Ministers wined and dined by arms trade hours after MPs demand ban on selling weapons to Saudi Arabia

Tickets to the arms trade banquet cost as much as £450 a head

Jon Stone
Wednesday 03 February 2016 12:53 GMT
Michael Fallon, the Defence Secretary, attended the dinner (File photo)
Michael Fallon, the Defence Secretary, attended the dinner (File photo) (Getty Images)

Ministers were wined-and-dined by the arms trade at a £450-a-head banquet on Tuesday night just hours after MPs called for a halt to weapons sales to autocratic Saudi Arabia.

Parliament’s International Development Committee yesterday said the UK should suspend all arms sales to Saudi, which has been accused by the UN of targeting civilians and contributing to a “humanitarian disaster” in Yemen.

The same day MPs released their report calling for action against Saudi, Defence Secretary Michael Fallon and other ministers attended the ADS trade association dinner at the Hilton.

The ADS Group, a trade body for the defence industry, said in a statement posted on social media that Mr Fallon had provided “tremendous support” for its operations at the dinner.

Despite calls from the UN, aid groups, and now Parliament, ministers have insisted that selling bombs to the petro-state is not problematic. David Cameron has also personally endorsed the present of UK military advisors working alongside the dictatorship’s military.

The British arms trade has cashed in on Saudi’s ongoing military operation in Yemen, with sales of bombs surging from £9 million to over £1 billion in just three months last year.

Members of ADS include BAE Systems, which builds the Eurofighter and the Tornado, both of which are being used in Saudi Arabia’s bombing campaign.

Raytheon UK, another member, makes the Paveway guided bombs which are being used in the assault, while MBDA makes Brimstone missiles, which Saudi Arabia also has stockpiles of.

Civilian targets hit by Saudi Arabia include two international hospitals operated by Médecins Sans Frontières, a wedding, and at leave five schools. Saudi Arabia says it does not target civilians.

Good relations with ministers are valuable for the arms industry because ministers ultimately sign off all arms export licences required by law to send defence equipment abroad. Ministers are currently resisting pressure to add Saudi Arabia to the blacklist of countries.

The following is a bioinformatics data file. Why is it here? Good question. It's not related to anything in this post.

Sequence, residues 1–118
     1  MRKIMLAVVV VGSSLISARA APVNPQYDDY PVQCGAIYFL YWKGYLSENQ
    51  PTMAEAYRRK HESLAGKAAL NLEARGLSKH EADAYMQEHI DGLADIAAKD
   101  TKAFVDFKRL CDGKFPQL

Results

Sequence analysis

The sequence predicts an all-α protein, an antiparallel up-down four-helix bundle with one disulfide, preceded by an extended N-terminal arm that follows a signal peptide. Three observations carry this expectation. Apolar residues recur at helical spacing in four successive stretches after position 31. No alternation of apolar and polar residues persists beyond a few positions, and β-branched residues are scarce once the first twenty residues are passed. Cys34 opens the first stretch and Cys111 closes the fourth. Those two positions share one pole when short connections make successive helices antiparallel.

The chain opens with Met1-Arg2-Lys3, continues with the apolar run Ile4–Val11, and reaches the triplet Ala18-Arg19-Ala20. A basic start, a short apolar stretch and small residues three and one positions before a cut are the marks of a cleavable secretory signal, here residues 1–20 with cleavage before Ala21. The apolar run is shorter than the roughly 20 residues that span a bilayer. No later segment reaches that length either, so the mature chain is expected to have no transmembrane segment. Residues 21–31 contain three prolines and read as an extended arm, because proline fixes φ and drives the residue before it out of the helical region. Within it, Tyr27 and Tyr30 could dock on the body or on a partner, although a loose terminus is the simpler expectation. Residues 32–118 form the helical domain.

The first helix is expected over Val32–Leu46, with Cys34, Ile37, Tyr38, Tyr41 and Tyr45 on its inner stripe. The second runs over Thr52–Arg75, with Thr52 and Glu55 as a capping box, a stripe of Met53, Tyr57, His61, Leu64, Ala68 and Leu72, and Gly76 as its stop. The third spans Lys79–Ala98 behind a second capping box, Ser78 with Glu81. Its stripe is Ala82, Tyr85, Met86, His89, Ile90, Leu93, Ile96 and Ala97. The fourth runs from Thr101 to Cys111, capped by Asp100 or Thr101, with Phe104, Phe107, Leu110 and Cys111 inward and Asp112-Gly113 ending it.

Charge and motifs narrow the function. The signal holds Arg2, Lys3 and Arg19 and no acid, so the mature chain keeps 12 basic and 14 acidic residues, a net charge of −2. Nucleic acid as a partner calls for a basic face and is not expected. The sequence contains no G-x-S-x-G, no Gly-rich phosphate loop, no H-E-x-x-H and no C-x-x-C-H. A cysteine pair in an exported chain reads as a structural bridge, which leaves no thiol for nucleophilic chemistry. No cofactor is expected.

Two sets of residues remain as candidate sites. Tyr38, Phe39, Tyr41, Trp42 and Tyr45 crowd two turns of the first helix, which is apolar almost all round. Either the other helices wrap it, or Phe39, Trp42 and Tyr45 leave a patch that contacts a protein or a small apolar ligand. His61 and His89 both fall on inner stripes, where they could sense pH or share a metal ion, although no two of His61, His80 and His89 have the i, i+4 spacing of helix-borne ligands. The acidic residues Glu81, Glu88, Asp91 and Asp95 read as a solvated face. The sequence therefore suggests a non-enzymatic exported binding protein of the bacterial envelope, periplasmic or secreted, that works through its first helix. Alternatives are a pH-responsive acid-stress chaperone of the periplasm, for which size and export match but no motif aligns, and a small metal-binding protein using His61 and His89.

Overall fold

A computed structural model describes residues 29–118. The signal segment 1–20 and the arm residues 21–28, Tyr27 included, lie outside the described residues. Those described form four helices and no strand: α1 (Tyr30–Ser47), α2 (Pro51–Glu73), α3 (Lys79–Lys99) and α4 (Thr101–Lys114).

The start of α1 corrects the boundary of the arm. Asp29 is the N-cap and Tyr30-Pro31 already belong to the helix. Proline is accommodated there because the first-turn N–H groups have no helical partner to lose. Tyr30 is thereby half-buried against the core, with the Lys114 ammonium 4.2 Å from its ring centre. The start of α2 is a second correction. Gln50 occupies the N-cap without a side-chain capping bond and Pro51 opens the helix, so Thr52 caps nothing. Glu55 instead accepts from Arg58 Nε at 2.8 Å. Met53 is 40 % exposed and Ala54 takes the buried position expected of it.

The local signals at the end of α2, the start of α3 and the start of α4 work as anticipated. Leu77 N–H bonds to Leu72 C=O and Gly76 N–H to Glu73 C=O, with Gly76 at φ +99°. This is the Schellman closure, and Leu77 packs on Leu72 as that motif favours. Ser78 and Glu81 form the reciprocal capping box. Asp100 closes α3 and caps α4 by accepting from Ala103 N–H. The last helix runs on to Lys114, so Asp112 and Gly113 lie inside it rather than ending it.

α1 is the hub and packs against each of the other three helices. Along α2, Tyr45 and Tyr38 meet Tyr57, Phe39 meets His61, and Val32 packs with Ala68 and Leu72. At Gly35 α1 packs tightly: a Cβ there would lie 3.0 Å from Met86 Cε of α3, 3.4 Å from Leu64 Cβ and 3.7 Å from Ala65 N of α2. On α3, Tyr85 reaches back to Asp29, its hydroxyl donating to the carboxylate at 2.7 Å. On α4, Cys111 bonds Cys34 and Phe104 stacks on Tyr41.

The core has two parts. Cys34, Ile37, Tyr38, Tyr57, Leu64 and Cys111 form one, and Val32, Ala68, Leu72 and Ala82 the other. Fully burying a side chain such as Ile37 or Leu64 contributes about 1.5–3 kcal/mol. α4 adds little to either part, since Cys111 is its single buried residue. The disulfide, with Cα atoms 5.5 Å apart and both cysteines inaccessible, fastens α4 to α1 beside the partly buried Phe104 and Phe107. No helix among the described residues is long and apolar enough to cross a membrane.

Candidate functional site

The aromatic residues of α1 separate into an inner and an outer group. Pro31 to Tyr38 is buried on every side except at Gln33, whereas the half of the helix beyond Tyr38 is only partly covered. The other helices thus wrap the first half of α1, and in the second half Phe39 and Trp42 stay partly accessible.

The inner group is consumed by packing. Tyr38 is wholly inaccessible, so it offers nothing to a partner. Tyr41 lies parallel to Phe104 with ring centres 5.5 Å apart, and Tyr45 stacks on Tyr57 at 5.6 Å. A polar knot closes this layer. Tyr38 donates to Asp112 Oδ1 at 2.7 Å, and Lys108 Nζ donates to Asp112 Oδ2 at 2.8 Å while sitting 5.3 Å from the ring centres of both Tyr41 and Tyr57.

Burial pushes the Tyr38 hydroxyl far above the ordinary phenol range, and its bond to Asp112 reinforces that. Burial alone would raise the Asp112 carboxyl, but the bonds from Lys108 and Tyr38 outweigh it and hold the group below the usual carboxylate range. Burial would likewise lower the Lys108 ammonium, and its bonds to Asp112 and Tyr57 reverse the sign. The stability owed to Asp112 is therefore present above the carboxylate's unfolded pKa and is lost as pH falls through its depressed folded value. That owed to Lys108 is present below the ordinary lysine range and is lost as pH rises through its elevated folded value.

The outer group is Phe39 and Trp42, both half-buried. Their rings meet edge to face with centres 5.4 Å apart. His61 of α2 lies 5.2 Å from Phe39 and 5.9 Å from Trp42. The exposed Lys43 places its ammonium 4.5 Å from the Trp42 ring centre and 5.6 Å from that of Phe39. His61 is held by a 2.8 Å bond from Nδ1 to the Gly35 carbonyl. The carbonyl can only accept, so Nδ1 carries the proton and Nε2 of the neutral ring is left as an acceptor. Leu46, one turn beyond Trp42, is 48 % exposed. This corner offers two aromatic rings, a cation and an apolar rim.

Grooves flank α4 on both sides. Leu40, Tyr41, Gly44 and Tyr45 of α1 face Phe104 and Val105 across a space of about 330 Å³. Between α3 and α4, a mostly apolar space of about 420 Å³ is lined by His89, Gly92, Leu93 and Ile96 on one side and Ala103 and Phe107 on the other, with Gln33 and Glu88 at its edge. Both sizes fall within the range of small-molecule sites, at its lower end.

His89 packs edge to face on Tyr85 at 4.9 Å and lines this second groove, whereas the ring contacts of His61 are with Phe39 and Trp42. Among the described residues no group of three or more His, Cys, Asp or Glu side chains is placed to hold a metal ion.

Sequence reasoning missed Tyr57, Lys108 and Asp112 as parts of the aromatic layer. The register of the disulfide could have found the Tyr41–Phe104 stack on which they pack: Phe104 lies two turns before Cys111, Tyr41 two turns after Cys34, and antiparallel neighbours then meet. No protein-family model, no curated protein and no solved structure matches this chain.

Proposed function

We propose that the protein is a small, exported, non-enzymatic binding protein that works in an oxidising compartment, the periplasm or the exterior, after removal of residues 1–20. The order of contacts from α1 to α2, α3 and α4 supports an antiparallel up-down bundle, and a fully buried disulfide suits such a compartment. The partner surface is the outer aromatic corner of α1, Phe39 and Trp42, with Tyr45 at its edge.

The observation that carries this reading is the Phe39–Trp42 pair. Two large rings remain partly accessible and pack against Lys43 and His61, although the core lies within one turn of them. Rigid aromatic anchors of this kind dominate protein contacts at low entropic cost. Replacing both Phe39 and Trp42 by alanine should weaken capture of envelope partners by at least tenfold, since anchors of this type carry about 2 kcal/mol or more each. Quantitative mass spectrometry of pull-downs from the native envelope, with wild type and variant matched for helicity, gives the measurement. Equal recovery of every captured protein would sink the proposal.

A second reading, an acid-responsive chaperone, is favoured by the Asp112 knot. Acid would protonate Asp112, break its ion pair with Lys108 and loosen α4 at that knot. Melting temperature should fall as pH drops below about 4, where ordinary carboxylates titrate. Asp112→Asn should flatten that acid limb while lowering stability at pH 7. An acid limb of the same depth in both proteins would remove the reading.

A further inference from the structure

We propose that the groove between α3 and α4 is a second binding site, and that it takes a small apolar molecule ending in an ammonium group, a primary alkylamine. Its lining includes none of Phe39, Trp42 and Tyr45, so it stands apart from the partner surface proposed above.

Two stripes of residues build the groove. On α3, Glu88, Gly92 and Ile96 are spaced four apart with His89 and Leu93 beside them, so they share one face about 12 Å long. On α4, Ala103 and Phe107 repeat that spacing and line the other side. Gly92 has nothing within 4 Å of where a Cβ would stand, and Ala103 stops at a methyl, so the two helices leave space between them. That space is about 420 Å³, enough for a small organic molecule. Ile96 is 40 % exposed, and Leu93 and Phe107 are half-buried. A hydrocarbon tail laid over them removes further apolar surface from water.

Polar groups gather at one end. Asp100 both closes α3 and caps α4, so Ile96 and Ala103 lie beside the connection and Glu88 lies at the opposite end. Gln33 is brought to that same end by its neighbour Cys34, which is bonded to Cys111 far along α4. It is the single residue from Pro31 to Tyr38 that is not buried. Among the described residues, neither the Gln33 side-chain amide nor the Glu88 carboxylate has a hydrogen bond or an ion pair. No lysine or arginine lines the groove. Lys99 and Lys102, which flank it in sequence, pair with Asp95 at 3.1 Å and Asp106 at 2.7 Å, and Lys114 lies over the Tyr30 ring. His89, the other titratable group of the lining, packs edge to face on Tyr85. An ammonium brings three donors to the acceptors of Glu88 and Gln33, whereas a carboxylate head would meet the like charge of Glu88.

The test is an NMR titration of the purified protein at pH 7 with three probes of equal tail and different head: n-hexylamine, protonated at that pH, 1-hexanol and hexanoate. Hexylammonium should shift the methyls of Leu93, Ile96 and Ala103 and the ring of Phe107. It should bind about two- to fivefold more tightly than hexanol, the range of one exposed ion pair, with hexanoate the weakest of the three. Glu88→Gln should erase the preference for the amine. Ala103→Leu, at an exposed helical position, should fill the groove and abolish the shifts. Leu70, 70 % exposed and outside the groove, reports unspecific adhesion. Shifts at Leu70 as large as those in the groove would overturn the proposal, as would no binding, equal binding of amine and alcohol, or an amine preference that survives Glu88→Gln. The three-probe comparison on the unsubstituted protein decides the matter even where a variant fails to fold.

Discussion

Last year the banquet was attended by over 40 MPs, with the full scale of attendance this year still not known.

Andrew Smith of Campaign Against Arms Trade said the dinner illustrated the political connections between the arms trade and politicians.

“The humanitarian crisis in Yemen is getting worse. 14 million Yemeni people are facing food insecurity and 1.4 million children are acutely malnourished,” he said.

“At the same time, arms dealers that are profiting from the devastation will be swilling champagne and sitting down to dinner with many of the politicians that support them.

“The fact that over 40 MPs attended as guests of arms companies and arms trade lobby groups last year is a disgrace and shows the extent of the arms trade's connections and political lobbying.”

Aerospace, Defence and Security (ADS) trade association event was £252 for members and £462 for non members, according to a booking form of the event.

When previously asked about arms export control to Saudi Arabia, a Government spokesperson said: “We operate one of the most rigorous and transparent arms export control regimes in the world with each licence application assessed on a case by case basis, taking account of all relevant information, to ensure compliance with our legal obligations. No licence is issued if it does not meet these requirements.

“We regularly raise with Saudi Arabian-led coalition and the Houthis, the need to comply with international humanitarian law (IHL) in Yemen. We monitor the situation carefully and have offered the Saudi authorities advice and training in this area."

In reference to Mr Fallon's attendence at the dinner, a Ministry of Defence spokesperson said: “It is nonsense to suggest that this engagement is directly linked to exports to one country. This is the annual dinner of a forum that represents hundreds of organisations that sustain tens of thousands of UK jobs across aerospace, space and defence.”

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